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What needs a rootstock?

Posted by ibarbidahl 9 (tampa-ish) (My Page) on
Thu, May 16, 13 at 11:08

I'm starting a new project and I am admitedly a complete and total novice at rooting. So, I thought what better place to start than to come and ask advice here?

I plan on starting as many different types of edible trees and bushes as possible in the next few years for transplanting up onto what will eventually be our homestead property in Alabama. Meanwhile I have no intention of stopping what I do here, so no worries there!

The only things I have ever rooted are sweet potatoes and a geranium. Both by throwing them into water and waiting for roots to form and then potting them up. I'm thinking that isn't good enough for making new trees. LOL. So PLEASE feel free to throw advice my way. I DO plan on doing plenty of research, but still wisdom gleaned by way of doing is always more valuable.

So for now I have several things in my yard that I can propogate if they don't need rootstock - but I know that Apples and peaches do need rootstock.

Will these work without rootstock?

Pom WonderfuL
Dwarf Pom
kiwi (OK I know it doesn't need rootstock, but will it propogate?)
(Dad's house in Jax)
pear & nectarine

Any other ideas of (perrineal) edibles that will live in zone 8 I can work on finding around here?

I'm also trying to figure out where in the world I'm going to keep all these cutting/rootings for their best chance of survival. I may need to set up a seperate small sprinkler so I can manage their watering a little closer for the first couple months.

I am getting excited to think that I'll have an established orchard to retire to instead of retiring and then starting an orchard. How cool! There is currently 12 pecan trees there that are OLD so we plan to plant a couple of those as well to make sure the old one have replacements. I'll miss tropical fruits, but at least these trees will have time to be fully grown if I start this project now and work towards a goal of 10 trees a year plus bushes for the perimeter. :-D

ANY help is greatly appreciated. A new adventure awaits!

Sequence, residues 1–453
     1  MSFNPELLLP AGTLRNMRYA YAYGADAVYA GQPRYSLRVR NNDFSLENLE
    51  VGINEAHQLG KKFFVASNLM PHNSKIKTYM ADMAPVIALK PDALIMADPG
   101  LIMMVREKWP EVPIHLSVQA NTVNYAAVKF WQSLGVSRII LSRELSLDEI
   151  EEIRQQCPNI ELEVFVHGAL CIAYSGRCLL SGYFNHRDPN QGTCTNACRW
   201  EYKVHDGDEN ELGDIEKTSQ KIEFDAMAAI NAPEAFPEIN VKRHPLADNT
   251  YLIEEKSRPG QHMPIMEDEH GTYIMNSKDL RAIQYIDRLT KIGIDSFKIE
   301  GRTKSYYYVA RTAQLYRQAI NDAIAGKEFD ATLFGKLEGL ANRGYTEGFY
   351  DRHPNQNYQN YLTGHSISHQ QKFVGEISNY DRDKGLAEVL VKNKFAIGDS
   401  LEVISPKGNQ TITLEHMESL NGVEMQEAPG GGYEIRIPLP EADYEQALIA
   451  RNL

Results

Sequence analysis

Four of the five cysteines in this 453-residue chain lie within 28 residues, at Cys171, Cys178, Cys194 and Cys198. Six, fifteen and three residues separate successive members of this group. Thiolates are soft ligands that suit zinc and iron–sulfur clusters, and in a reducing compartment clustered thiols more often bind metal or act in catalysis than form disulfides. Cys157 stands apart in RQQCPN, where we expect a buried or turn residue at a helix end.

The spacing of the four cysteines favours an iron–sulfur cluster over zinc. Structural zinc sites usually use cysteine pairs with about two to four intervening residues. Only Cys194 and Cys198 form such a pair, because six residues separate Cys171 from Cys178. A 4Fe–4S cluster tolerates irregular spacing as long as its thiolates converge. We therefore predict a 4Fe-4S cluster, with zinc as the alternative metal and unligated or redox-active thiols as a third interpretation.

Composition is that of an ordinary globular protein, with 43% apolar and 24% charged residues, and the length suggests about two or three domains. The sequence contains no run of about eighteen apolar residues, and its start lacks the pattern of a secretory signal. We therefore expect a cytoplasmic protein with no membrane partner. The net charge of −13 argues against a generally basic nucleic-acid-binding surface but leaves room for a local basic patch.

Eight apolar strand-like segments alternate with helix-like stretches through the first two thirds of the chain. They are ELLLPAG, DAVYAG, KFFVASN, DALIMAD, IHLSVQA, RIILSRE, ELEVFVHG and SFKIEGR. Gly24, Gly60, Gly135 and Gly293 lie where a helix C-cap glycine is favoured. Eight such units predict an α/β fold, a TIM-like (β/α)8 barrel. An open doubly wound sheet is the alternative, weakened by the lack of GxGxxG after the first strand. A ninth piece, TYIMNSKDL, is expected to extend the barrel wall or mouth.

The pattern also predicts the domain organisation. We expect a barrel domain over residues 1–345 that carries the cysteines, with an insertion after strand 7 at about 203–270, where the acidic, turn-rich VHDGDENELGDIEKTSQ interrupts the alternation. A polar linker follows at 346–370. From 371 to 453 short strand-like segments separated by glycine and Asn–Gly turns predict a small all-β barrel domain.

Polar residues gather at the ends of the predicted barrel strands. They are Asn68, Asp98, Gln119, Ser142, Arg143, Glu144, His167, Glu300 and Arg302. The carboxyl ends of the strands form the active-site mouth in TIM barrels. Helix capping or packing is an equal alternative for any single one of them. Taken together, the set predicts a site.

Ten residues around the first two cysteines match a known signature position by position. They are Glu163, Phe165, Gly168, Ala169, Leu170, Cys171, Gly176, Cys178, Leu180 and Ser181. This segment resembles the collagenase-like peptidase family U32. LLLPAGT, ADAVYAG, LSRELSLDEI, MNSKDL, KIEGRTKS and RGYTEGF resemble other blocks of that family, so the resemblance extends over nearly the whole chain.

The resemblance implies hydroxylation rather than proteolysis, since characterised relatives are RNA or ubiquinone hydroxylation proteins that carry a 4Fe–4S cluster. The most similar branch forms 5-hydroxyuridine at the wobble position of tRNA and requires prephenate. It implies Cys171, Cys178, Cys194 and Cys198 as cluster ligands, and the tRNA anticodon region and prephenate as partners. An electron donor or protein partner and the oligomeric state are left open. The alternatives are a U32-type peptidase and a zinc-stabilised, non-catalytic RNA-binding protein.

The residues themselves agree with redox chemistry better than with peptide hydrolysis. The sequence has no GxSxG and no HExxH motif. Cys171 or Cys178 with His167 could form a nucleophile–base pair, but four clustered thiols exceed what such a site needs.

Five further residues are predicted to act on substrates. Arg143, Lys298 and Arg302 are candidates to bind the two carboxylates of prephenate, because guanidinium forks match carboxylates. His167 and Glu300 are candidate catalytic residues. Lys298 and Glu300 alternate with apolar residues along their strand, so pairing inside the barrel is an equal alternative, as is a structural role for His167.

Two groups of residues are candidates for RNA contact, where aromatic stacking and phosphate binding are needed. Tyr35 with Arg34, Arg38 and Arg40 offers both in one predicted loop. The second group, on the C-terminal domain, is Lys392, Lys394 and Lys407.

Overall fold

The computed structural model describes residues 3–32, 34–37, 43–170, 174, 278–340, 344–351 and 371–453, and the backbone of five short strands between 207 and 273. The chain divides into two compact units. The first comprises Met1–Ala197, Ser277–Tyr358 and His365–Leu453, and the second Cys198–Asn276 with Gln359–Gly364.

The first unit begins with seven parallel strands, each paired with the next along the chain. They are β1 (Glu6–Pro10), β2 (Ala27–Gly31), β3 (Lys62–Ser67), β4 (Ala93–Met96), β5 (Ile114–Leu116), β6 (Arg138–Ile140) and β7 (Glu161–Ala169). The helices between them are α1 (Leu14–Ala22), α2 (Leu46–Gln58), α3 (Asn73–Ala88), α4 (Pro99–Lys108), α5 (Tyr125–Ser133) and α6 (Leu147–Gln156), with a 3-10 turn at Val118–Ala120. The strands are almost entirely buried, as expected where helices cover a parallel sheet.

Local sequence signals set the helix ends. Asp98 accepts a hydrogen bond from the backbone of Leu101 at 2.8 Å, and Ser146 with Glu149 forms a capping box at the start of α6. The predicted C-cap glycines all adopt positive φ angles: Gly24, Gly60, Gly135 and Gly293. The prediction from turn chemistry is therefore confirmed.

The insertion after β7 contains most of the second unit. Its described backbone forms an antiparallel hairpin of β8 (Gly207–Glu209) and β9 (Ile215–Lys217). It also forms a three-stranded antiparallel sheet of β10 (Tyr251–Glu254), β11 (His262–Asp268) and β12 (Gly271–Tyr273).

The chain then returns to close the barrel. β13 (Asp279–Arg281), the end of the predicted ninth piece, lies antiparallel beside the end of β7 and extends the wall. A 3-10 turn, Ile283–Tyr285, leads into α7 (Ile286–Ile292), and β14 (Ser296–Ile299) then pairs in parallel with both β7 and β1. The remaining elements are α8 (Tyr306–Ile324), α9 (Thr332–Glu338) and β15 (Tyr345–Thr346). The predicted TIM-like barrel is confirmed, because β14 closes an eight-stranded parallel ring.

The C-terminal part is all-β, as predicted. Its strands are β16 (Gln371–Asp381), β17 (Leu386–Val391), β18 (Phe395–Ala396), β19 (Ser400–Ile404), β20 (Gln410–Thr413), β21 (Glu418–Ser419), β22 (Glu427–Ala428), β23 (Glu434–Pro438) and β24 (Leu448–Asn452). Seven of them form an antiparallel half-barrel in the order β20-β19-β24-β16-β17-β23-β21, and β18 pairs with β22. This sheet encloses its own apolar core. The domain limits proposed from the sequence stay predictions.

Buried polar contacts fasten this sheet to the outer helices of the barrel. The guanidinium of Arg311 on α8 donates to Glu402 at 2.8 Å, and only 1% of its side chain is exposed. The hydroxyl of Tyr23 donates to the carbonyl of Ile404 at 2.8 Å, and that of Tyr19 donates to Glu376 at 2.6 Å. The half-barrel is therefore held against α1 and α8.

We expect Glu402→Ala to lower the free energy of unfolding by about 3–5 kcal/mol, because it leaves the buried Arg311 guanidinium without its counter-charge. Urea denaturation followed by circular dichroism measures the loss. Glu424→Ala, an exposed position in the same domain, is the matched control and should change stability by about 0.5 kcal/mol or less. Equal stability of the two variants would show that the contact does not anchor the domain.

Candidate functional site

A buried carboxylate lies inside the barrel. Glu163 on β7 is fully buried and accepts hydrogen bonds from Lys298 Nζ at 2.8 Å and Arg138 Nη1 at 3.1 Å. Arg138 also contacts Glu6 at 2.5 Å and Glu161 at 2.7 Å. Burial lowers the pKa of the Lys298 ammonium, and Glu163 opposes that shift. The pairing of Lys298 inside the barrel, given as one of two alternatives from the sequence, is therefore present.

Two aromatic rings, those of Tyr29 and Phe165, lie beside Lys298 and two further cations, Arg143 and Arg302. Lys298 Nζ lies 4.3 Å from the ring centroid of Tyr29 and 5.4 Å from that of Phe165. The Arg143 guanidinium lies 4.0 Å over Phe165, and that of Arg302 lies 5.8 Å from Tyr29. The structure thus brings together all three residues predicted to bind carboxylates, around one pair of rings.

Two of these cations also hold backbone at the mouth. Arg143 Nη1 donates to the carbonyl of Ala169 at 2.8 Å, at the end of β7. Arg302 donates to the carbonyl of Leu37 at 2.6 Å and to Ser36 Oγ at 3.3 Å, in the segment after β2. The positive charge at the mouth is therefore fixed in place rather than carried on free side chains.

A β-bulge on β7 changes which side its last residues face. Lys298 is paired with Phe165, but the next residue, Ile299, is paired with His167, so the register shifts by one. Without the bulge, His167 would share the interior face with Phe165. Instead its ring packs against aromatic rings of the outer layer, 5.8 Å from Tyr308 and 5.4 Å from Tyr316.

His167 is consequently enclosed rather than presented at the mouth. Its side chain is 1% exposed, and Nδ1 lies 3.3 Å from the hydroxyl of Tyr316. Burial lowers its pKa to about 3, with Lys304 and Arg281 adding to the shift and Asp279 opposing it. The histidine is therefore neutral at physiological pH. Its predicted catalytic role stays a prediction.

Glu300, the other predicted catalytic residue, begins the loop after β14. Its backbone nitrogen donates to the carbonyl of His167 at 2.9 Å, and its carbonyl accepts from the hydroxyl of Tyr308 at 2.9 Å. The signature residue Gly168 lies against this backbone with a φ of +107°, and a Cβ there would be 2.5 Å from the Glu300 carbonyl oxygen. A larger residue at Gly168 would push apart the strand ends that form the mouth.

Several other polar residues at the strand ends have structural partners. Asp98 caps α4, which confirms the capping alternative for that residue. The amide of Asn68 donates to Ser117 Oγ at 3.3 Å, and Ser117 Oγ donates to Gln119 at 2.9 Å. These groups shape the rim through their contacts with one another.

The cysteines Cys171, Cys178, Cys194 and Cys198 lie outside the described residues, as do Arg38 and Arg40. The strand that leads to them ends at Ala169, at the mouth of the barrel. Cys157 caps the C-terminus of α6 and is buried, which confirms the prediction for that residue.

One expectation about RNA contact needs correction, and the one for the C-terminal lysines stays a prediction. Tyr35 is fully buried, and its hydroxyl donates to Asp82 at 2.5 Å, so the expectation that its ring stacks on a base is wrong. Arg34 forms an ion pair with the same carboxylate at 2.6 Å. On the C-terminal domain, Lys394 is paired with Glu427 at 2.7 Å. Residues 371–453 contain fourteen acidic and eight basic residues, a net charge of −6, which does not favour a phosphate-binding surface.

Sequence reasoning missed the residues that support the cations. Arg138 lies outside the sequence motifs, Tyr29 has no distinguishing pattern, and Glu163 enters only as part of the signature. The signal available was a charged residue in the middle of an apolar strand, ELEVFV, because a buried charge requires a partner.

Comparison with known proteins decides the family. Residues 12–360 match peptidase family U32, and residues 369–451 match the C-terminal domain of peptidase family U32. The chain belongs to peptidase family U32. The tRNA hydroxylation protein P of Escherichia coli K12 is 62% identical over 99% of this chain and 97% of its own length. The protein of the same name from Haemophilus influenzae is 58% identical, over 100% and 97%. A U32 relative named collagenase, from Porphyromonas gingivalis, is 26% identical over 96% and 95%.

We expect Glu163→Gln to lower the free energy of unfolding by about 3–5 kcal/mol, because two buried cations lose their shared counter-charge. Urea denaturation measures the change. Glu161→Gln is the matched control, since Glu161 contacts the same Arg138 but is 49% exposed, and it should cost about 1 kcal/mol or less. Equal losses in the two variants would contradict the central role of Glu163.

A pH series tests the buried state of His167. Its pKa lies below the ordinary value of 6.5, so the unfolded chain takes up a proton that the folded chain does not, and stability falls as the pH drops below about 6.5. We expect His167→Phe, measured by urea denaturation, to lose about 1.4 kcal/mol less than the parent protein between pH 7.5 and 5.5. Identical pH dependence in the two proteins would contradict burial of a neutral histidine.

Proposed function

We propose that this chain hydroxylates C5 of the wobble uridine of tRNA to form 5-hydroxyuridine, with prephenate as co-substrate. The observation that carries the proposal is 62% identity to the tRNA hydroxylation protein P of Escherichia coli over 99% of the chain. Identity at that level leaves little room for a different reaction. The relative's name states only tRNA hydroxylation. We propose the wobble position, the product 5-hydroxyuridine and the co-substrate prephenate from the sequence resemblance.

Follow-Up Postings:

RE: What needs a rootstock?

Hi Barbie,

Most tree fruit that I am aware of require grafting. From seed a root stock is created. After a period of time, a year or 2?, then the top is cut off and immediately add fresh cuttings from a fruit that is desirable, in a special splice, to the rooted plant. Special seeds should be considered. So you need rootstock and grafting knowledge. Good luck.

RE: What needs a rootstock?

  • Posted by whgille Oakland FL Zone 9B (My Page) on
    Thu, May 16, 13 at 14:14

Hi Barbie

Congrats on the future plans! sounds interesting and lots of things to learn. Your best bet will be to get the UC Davis free cuttings, you are probably late for this year but you can do the next one, find out everything and put your name on the list, a lot to choose! you will have to do some research. Last time they had dormant cuttings of pomegranates, persimmons, figs,mulberries, etc. I put my cuttings under the shade of a tree till they get some roots, then I transplant them in 1 gallon pots. Next time that you come to a party in my house, I can have some cuttings for you, currently I have some fig cuttings under the avocado tree.

Col de Dame fig, started from cuttings

 photo May2013_043_zpsbb149795.jpg

Violette de Bordeaux fig

 photo May2013_044_zps064870d1.jpg

Pomegranate, 2 kinds one is Seedless and the other Dwarf Nana

 photo May2013_045_zps7326cf3a.jpg


 photo May2013_046_zps0d8b6047.jpg

My plum, nectarine, pear, apple are on different rootstock. Good luck in your next project!


RE: What needs a rootstock?

I'm so excited for this project! I"m off to google the UC Davis project/thing! :-)

I remember when you first got the persimmon it was the same time I got mine and yours is doing much better. Mine is not on a good watering system now it's still just an infant because of that. The sprinklers just don't reach well on that tree so it's mostly dependent on rain.